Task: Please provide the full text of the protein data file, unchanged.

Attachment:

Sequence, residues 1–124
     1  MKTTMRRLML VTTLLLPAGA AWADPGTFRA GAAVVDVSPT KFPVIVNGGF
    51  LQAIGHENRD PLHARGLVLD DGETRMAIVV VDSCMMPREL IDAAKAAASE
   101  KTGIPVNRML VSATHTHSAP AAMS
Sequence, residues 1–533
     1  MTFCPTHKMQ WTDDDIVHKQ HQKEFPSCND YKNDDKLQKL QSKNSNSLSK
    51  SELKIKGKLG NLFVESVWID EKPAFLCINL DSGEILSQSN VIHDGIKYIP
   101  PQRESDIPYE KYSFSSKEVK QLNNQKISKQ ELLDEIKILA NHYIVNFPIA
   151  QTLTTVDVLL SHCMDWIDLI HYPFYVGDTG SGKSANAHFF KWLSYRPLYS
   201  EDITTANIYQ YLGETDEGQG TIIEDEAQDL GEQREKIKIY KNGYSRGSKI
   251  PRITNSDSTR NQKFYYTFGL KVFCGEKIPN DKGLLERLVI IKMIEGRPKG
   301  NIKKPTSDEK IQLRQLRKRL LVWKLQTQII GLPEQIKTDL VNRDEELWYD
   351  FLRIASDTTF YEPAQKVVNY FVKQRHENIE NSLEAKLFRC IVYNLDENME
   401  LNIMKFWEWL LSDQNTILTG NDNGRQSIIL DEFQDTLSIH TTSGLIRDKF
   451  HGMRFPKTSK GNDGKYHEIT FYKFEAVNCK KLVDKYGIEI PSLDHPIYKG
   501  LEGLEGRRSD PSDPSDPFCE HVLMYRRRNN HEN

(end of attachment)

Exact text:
Sequence, residues 1–124
     1  MKTTMRRLML VTTLLLPAGA AWADPGTFRA GAAVVDVSPT KFPVIVNGGF
    51  LQAIGHENRD PLHARGLVLD DGETRMAIVV VDSCMMPREL IDAAKAAASE
   101  KTGIPVNRML VSATHTHSAP AAMS
Sequence, residues 1–533
     1  MTFCPTHKMQ WTDDDIVHKQ HQKEFPSCND YKNDDKLQKL QSKNSNSLSK
    51  SELKIKGKLG NLFVESVWID EKPAFLCINL DSGEILSQSN VIHDGIKYIP
   101  PQRESDIPYE KYSFSSKEVK QLNNQKISKQ ELLDEIKILA NHYIVNFPIA
   151  QTLTTVDVLL SHCMDWIDLI HYPFYVGDTG SGKSANAHFF KWLSYRPLYS
   201  EDITTANIYQ YLGETDEGQG TIIEDEAQDL GEQREKIKIY KNGYSRGSKI
   251  PRITNSDSTR NQKFYYTFGL KVFCGEKIPN DKGLLERLVI IKMIEGRPKG
   301  NIKKPTSDEK IQLRQLRKRL LVWKLQTQII GLPEQIKTDL VNRDEELWYD
   351  FLRIASDTTF YEPAQKVVNY FVKQRHENIE NSLEAKLFRC IVYNLDENME
   401  LNIMKFWEWL LSDQNTILTG NDNGRQSIIL DEFQDTLSIH TTSGLIRDKF
   451  HGMRFPKTSK GNDGKYHEIT FYKFEAVNCK KLVDKYGIEI PSLDHPIYKG
   501  LEGLEGRRSD PSDPSDPFCE HVLMYRRRNN HEN